After a wonderful and victorious time at Jeff and Heather's, followed by a refreshing nap at our house, Glory and I hit the road to go see the same show again at an all-ages venue in Calgary, the Macewan Ballroom. We had a great trip down, listening to a fantastic power metal compilation called Louder Than The Dragon, and then having dinner at the legendary Peter's Drive-In.
Glory was kitted out in the hoodie and hammer pendant I had purchased the night before, since there had been a lull at that able in Edmonton, and I was unsure just how chaotic it might be in Calgary, having never been to the venue. She took care not get any grease or barbecue sauce on her new sweatshirt as we ate in the Flex. I gently corrected the form of her metal salute, suggesting she put her thumb over the middle two fingers, and she nodded emphatically. "Right, right," she said agreeably, "thumb out is Spider-Man."
A short drive later and we were parked at the Olympic Oval at the University of Calgary, which was at least connected to the MacEwan Ballroom.
I have no gift for estimating numbers, but I would hazard a guess that the crowd at the U of C campus was easily triple whatever was at the Union Hall the previous night, and the line-up to get in was far more sizeable, but at least this one was indoors. I'm sure it was funny to watch the middle aged guy and the tweenager get frisked on the way in, but the security staff were courteous and professional, and no one made any wry observations at our expense. Best of all, when we checked our coats, we found that the earplugs that had been sold for $2 in Edmonton were free here, which was decidedly convenient, since Glory had forgotten hers in the car at the other end of the immense building we were in.
Inside it played much the same: Tyr's set was great, but too short, and Glory was extremely happy that they played her favourite song first.
Death Angel's Mark Osegueda was just as eloquent in his praise for Calgary, saying it's been important to them since 1987, so "if you don't know how Death Angel feels about Calgary, you've never been to a Death Angel show. And that's not a problem! Welcome! You are going to see a bunch of musicians doing what they love up here, and all we ask is that you listen with open ears, an open mind, and an open heart." Great stuff. And then a little later on, he got the crowd riled up by screaming, "I SAID I WANT TO SEE YOU MOVE, YOU GOLD MEDAL-WINNING MOTHERF*****S!!" which might have been pandering, but also felt really, really gratifying.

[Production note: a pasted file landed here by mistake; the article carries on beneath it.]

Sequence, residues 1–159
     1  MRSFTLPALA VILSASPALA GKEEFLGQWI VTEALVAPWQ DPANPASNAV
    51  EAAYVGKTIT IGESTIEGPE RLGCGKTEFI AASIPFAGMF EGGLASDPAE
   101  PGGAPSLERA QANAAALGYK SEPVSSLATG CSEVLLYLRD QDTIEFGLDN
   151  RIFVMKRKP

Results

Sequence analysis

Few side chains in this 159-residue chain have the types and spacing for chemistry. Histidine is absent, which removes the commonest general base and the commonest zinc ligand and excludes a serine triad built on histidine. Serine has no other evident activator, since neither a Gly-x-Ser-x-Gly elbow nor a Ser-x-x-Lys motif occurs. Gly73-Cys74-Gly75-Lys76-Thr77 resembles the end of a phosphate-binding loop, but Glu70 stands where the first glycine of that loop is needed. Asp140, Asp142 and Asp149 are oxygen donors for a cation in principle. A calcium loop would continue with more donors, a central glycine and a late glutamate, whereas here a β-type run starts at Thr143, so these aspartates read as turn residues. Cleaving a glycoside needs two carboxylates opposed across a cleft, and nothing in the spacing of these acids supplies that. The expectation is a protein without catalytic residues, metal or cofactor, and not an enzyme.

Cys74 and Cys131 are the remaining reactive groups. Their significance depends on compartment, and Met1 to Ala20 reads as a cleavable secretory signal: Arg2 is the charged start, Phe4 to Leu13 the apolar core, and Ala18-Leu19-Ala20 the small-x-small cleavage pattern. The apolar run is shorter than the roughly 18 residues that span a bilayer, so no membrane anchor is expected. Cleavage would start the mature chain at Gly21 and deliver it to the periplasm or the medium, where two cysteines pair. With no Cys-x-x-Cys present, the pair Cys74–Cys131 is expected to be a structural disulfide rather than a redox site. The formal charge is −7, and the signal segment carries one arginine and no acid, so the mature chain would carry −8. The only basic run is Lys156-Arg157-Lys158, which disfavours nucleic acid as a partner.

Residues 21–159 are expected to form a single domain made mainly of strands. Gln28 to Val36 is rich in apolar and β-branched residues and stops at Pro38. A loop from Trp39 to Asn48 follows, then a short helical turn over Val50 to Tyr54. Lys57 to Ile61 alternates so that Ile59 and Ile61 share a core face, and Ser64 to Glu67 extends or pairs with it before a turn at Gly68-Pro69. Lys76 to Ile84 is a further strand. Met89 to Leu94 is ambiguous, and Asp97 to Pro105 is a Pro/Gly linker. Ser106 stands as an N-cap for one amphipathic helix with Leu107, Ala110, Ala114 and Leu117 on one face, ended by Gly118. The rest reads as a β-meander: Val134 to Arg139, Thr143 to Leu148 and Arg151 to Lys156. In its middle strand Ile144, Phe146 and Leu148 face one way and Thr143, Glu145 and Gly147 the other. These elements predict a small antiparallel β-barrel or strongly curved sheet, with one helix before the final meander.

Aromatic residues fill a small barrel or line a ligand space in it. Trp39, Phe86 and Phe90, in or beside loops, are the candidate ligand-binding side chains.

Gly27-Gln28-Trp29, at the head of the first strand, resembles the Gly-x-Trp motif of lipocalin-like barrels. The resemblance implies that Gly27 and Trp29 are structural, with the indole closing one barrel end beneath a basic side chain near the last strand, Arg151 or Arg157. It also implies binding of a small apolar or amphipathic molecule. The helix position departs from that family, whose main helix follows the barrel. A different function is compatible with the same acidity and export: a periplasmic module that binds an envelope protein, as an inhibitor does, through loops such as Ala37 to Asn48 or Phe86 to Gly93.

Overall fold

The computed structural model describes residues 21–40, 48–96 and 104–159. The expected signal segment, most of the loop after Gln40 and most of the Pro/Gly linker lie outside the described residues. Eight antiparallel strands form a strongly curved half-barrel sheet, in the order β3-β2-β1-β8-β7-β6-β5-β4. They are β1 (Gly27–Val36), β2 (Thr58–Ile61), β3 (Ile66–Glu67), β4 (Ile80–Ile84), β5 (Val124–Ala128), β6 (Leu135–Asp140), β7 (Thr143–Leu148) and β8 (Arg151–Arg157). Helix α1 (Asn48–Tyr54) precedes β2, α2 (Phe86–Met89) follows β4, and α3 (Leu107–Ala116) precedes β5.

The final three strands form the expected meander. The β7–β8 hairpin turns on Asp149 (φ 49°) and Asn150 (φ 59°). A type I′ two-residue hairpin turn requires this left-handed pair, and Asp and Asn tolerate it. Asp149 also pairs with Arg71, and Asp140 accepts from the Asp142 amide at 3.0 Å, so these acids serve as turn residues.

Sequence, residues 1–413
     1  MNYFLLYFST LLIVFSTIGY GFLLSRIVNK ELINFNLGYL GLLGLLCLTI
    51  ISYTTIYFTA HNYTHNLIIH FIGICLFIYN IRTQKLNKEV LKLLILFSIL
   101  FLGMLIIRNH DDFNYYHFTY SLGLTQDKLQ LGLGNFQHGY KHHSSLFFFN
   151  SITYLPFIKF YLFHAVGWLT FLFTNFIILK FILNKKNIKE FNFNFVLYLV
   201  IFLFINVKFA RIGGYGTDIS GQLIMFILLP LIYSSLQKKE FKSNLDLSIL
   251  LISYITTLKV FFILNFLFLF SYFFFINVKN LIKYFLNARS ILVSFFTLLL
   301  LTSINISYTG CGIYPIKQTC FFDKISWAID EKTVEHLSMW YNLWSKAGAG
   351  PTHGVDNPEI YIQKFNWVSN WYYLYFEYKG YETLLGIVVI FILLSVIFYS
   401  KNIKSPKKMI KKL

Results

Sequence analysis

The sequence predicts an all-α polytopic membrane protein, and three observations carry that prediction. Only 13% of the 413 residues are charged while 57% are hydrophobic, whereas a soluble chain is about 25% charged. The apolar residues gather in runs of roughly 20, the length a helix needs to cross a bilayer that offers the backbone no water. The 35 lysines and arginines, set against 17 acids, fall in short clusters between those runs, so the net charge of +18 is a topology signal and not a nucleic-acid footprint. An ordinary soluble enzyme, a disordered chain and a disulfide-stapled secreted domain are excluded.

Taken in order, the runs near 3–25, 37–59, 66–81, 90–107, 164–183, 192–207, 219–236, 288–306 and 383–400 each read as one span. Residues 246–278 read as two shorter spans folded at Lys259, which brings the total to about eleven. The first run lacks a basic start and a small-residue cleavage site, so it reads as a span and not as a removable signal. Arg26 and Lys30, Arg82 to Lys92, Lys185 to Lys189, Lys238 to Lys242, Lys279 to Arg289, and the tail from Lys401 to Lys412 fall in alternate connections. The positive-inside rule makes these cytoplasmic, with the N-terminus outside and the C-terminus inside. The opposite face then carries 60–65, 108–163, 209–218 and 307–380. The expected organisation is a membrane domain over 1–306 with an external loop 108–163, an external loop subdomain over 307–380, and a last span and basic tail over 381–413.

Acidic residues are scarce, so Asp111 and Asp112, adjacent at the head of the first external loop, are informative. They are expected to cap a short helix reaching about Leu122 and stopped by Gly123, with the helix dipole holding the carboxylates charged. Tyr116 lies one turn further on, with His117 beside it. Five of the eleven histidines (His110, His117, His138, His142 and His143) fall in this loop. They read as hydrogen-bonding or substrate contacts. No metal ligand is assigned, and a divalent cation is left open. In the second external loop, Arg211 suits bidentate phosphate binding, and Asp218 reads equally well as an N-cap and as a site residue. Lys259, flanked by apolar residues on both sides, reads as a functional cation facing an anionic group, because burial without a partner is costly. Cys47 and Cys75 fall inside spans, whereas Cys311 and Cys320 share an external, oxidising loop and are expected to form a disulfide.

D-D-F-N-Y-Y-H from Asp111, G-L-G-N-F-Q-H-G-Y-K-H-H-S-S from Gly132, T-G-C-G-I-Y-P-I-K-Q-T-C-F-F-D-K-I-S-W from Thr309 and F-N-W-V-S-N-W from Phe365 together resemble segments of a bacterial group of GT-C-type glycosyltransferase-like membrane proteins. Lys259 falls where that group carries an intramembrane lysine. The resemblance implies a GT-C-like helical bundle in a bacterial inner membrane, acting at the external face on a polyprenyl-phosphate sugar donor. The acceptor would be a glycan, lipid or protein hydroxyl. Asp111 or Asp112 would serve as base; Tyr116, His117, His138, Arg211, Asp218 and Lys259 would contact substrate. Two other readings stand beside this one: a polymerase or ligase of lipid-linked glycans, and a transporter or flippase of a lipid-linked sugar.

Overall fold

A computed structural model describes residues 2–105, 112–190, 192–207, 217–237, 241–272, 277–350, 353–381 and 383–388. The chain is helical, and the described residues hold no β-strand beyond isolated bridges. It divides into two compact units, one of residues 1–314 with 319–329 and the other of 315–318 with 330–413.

The stage was a little bigger than at the Union Hall, so Children of Bodom could space their stuff out a little more, and give a little more free reign to their light rigs. Unfortunately, the various types of smoke drifting in from outside and onstage were a little too much for Glory's asthma, so after a break and a brief return, we decided to call it a night.
We grabbed a Big Gulp and some pretzel bits at 7-Eleven for the trip home, through temperatures that made us grateful for the heated seats. We talked about the concert, and the people and things we saw, and going to see Sonata Arctica in September with the whole family, and how I was grateful for the opportunity to help her demystify what a heavy metal show looks and feels like. Thanks to bypassing the customary Red Deer pit stop, we were in our garage 2 hours and 46 minutes after getting on the Deerfoot. Glory wanted to go to sleep when we passed Leduc but managed to stay awake until getting into bed just before 2:00 A.M, a wonderful end to a long but glorious day.
T-shirt Sidebar: Fenya had heard the tale before, but had also been listening when I told Glory about the figure of Tyr on the back of her sweatshirt; about how Tyr was the Norse god of war and justice, and how he agreed to place his hand in the mouth of the great hellwolf Fenris as a hostage to his safety and freedom. And how after the other gods had chained the beast, Tyr had allowed Fenris to bite off his hand, because he had given his word, and how much credibility he gained from that sacrifice.
Later that afternoon, while Glory and I were driving to Cowtown, Fenya went to the IMAX Theater with our minister and his husband to see Jerusalem. When they asked Fenya about where Glory and I were going she said, "To a metal show in Calgary."
"That's right," Glen said, "I saw the t-shirt. Hey, why does the guy in the picture have only one hand?"
Fenya was perplexed. "Because he's Tyr."
"You know, the Norse god?"
A quizzical glance between the two of them.
"The one the band is named after? Geez, come on, guys!"
That made James laugh: "You are just like a teenage girl version of your father! Any other girl your age would be all, 'omigawd you guys, Katy Perry is just, like, the best,' but not Fenya; she is just 'you guys, Tyr is totally a Norse god'!"
Fenya just laughed in return; "Yep, that's me."